Brazilian President Lula’s commitment to climate change is a stark contrast to his predecessor Jair Bolsonaro’s approach

Ishita Sharma

Ishita Sharma

Ishita Sharma is an emerging journalist from India, who has a keen interest in covering global politics and governance. She has contributed to publications like the Toronto Observer along with other projects such as the United Way. Ishita is a student in the University of Toronto / Centennial College's joint journalism program and contributed to the Global Summitry Project as part of an experiential learning opportunity in 2024.

Brazilians have signalled that climate change is a priority and they’ve turned to a familiar face to lead the battle. 

Luiz Inácio Lula da Silva, who returned for a third term as president after more than a decade,  promises to repair the damage done to the Amazon rainforest under former President Jair Messias Bolsonaro’s watch. 

Bolsonaro, who has been referred to as the “Trump of the Tropics,” has a history of being a denialist. He was recently indicted for allegedly falsifying his COVID-19 vaccination status and is known for understating the severity of coronavirus when it was at its peak.

Bolsonaro is consistent in his approach as deforestation in the Amazon soared to a 15-year high under his presidency. Lula, on the other hand, has time and again displayed his commitment to climate change and continues to prioritise it and the protection of the Amazon in his agenda. 

“Whenever the world discusses the Amazon and whenever we Brazilians discuss the Amazon even if we’re talking about the Bolsonaro administration, which was a disaster on that front, we do have to take into account the overall context,” said Pedro Vormittag, director of external relations at Brazilian Centre for International Relations (CEBRI)

During an interview, Vormittag explained that during the Bolsonaro years, “the federal government made a deliberate decision to pretty much cut all the funding for basic, crucial environmental law enforcement policy. Of course, what it meant was that the level of environmental crime increased.”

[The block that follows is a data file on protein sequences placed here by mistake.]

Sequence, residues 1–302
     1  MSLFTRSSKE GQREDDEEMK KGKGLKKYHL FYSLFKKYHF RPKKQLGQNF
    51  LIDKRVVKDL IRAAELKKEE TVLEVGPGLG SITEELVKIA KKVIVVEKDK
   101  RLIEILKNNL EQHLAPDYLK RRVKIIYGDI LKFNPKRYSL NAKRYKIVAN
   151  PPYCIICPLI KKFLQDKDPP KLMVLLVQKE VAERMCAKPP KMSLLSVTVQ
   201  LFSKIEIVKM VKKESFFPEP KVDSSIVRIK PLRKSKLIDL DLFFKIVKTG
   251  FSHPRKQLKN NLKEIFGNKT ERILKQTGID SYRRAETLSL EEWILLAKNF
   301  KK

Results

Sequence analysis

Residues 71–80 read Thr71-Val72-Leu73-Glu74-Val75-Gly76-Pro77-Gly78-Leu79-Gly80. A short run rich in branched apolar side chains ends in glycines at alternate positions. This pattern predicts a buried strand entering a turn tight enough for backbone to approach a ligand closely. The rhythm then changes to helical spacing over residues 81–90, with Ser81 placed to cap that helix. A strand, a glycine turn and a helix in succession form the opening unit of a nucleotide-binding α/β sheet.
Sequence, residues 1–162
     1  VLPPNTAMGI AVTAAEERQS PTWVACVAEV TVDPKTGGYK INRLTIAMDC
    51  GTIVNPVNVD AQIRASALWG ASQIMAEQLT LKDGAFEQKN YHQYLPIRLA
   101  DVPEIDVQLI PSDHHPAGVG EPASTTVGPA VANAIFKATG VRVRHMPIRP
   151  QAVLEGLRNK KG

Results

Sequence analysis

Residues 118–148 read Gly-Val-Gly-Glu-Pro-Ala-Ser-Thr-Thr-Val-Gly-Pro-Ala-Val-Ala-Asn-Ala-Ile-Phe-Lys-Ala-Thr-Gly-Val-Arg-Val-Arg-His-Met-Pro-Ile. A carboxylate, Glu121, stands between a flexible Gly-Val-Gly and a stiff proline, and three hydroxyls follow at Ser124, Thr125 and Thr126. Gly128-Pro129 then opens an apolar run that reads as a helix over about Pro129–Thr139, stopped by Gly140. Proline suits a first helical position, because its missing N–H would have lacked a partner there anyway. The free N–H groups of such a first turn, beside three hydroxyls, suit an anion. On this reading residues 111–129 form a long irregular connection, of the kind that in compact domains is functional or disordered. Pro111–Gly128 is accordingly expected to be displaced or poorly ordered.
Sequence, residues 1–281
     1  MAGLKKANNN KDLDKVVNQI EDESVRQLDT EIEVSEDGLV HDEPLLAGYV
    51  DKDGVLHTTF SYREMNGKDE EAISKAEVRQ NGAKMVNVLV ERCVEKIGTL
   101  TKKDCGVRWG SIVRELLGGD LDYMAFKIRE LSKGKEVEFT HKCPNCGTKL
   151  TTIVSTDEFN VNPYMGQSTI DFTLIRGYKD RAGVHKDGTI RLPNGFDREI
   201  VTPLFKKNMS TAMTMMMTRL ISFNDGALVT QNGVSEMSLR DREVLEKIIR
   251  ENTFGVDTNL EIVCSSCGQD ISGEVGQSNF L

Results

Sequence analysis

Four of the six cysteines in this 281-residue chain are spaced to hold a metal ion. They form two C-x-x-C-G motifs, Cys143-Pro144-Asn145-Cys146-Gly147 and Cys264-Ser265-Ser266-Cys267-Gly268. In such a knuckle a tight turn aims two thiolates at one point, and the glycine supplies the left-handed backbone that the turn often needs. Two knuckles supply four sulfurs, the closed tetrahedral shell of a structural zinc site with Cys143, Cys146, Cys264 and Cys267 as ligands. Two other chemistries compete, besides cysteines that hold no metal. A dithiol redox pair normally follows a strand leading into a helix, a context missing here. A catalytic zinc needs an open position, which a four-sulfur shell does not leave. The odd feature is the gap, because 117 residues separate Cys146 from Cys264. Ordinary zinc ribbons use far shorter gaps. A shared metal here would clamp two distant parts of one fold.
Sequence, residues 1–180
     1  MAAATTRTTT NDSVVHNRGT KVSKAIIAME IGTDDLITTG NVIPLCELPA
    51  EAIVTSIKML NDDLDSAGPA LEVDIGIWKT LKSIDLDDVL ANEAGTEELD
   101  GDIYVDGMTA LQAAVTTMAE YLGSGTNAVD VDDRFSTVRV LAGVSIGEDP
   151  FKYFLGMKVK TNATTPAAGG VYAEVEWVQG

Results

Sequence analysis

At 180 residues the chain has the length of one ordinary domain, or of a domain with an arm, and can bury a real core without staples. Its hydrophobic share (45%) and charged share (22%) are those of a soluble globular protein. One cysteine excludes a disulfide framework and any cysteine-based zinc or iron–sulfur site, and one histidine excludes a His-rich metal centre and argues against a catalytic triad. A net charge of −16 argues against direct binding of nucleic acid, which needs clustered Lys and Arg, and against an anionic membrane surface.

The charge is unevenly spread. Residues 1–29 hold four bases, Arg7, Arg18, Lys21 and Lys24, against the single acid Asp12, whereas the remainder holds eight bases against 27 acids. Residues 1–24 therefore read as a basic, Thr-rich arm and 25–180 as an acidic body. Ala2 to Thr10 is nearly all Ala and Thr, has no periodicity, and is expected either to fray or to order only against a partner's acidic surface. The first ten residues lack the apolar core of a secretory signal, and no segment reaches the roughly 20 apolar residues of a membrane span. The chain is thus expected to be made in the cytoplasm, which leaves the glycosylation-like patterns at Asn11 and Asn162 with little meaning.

These crimes included illegal logging, mining and land grabbing. 

Lula pledged to deliver zero deforestation in Brazil by 2030, upon being elected in January 2023. He highlighted the need for global mobilization against the climate crisis in the upcoming G20.

In 2024, Brazil has taken over from India to host the G20 Leaders Summit in Rio de Janeiro. Leading up to the Summit, which will take place in November, 130 meetings and events have been planned across 15 different cities. 

The purpose of these meetings is for ministers and high-level representatives to collaborate to improve co-operation and reach international global governance arrangements.


Brazil’s Agenda

Brazil’s motto for the G20 this year is “Building a Just World and a Sustainable Planet” and the highlighted priorities are:

  • social inclusion and the fight against hunger and poverty;
  • energy transitions and the promotion of sustainable development in its economic, social, and environmental dimensions; and
  • reform of global governance institutions.   

In 2024, the G20 will likely see much deliberation over sustainable development goals, the SDGs, and climate change in particular. 

“The contribution of why they [Brazil] focus on climate change is because Lula personally is committed to it,” said Yves Tiberghien, a professor of political science, at the University of British Columbia. He has expertise in global economic governance, COVID politics, G20, Global environment, climate change, and biodiversity governance.